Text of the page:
STIGs, FIPS, ZT, and API Security
Leading by Example The United States has been a…
The government just released its new National Cybersecurity Strategy built around five pillars:
I have many thoughts and inputs on each of these pillars and will address them in individual installments to keep them easily digestible. I believe vigorous debate on these issues is important so we can achieve the best possible outcomes in each of these lines of effort. Implementing strategy is when the hard work begins and the stakes couldn’t be higher with this topic. We have to get it right.
There are 16 sectors in the US economy considered vital to US interests and, as such, are considered critical infrastructure. There are many things to think about here, but I want to address two up front. First, it’s important to recognize that critical infrastructure in the US is overwhelmingly owned by private industry. As anyone in business knows, there is a cost/benefit analysis that goes into all decisions. Cybersecurity is not immune from that cost/benefit analysis. Second, when ensuring “minimum cybersecurity requirements” as the strategy states, the federal government needs to ensure the minimum standards are robust, consistently reviewed, and updated as appropriate. The realities of the first point dictate that businesses will keep costs low and some will only meet minimum standard guidelines. Hence the need for the second point, to ensure standards will be sufficient for the new vulnerabilities of tomorrow, the ones of which we are not yet aware. The strategy discusses harmonizing conflicting and duplicative regulation, but hardly acknowledges that the “speed of regulation” will never keep pace with the “speed of the threat”.
Given the interconnected nature of industry and government agencies throughout critical infrastructure, any weak link presents vulnerabilities to others. Minimum standards will not stop the attacks of tomorrow. Further, woven throughout critical infrastructure sectors are Operational Technology (OT) devices that provide valuable information enabling efficiencies previously unimagined. The strategy acknowledges we need to ensure OT is addressed as robustly as Information Technology (IT). As dissimilar as they may be in function, they are equally vulnerable and can present attack vectors to malicious actors because OT and IT share a common communications link between them: Application Programming Interfaces (APIs).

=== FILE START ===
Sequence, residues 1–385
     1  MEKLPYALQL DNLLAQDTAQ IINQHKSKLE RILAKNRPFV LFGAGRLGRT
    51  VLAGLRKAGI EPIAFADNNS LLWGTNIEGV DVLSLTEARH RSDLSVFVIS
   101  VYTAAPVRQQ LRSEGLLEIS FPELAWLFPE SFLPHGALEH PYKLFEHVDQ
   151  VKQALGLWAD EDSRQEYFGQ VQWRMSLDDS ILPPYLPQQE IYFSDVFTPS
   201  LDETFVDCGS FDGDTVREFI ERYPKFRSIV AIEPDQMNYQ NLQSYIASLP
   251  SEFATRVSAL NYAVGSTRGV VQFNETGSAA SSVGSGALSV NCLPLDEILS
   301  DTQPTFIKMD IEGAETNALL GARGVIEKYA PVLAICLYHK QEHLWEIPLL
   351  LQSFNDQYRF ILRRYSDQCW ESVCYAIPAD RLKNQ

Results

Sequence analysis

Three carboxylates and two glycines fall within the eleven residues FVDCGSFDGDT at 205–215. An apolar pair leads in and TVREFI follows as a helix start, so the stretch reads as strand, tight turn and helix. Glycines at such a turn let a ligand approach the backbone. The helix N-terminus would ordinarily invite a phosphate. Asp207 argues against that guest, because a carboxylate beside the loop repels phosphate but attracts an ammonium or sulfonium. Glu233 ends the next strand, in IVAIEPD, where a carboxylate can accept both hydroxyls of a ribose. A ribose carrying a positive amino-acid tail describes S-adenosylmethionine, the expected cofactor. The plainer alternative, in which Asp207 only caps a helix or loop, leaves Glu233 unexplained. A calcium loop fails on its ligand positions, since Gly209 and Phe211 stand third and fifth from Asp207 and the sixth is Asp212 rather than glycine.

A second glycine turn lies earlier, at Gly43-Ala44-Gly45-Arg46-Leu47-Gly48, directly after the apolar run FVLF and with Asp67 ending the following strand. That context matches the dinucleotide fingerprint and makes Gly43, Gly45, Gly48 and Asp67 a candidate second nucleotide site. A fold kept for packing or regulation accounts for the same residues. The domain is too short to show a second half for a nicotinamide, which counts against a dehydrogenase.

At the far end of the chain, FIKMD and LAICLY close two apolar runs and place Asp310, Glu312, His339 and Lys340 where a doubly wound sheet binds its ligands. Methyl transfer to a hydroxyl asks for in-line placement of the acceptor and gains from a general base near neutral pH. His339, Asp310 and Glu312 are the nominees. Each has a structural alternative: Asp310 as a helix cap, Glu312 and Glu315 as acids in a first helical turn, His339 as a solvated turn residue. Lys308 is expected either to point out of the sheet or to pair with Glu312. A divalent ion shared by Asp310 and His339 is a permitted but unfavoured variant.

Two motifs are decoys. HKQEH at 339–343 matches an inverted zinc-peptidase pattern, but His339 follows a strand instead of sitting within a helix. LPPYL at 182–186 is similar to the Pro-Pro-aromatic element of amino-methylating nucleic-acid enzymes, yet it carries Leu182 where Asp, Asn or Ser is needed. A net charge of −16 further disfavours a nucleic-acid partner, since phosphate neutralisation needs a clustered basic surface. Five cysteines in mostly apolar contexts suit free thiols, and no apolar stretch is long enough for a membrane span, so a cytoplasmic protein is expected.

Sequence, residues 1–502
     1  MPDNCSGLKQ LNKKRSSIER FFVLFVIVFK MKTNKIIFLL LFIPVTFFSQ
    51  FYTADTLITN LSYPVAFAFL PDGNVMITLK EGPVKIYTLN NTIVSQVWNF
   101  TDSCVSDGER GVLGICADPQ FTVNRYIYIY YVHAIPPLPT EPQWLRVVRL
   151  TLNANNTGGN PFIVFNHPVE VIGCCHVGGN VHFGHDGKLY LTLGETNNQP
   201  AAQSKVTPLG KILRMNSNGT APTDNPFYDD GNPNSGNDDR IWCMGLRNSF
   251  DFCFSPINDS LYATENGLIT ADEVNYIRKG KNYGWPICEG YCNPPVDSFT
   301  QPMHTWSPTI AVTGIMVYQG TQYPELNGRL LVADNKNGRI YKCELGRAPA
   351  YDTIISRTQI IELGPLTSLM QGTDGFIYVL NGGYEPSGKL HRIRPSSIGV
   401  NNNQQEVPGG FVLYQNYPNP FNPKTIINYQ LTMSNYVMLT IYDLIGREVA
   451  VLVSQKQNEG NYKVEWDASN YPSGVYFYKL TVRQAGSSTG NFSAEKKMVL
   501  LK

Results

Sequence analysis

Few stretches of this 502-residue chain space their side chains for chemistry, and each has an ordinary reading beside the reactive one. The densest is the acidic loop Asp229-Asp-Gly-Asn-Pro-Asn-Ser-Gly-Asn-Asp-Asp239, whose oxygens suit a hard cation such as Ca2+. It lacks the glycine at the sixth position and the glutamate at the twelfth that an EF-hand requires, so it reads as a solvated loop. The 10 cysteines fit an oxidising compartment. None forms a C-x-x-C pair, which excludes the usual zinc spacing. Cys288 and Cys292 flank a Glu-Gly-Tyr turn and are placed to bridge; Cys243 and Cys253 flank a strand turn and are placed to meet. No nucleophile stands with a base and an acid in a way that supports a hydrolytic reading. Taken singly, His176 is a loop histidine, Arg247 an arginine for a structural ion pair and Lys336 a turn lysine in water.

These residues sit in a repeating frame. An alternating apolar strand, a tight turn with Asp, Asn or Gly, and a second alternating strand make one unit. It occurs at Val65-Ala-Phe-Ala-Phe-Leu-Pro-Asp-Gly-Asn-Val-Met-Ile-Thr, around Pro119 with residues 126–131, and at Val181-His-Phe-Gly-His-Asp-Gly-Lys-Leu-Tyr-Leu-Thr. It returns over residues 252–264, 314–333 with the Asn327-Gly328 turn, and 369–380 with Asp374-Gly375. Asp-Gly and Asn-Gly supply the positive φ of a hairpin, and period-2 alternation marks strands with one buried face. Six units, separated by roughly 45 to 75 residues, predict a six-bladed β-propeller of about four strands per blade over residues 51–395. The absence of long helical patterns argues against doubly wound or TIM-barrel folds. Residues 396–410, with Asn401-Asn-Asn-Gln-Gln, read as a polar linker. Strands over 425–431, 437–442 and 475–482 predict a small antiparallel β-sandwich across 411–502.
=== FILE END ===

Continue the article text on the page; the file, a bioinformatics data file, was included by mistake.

To be clear, I think the strategy is a step in the right direction. It’s the outcome of the recognition that cybersecurity has become critically important to our national security. Converting the vision into specific actions that will result in measurable improvements is the hard part. Many agencies have aging infrastructure, patched and added to through the years, with bolt-on hardware placed into service at various times to solve specific problems in the past. They have disparate datasets and programs developed using different languages. To meet emerging missions and customer needs, new applications have been developed, improving operational output and increasing services. But how does it all connect? The common communications link between them all is, once again, APIs.
The US needs creative solutions to help secure current and future critical infrastructure and assets at affordable prices. Taking a decade to remove legacy systems that can’t support Zero Trust provides years of opportunity for malicious actors to maneuver. Given the significant role that APIs play in today’s technology environment, they are a logical focal point for security. API security has not just become a requirement, but it also provides an economical and creative solution to other problems such as visibility: helping to identify what’s in your network, what data is being moved, by whom, and where critical data lies.
We must aggressively pursue a stronger cybersecurity posture across government, critical infrastructure, and ultimately all industries to protect sensitive data and remain competitive for the foreseeable future. A trusted partner like Noname can help by providing robust, cost-effective API security to help fill a cybersecurity gap now.
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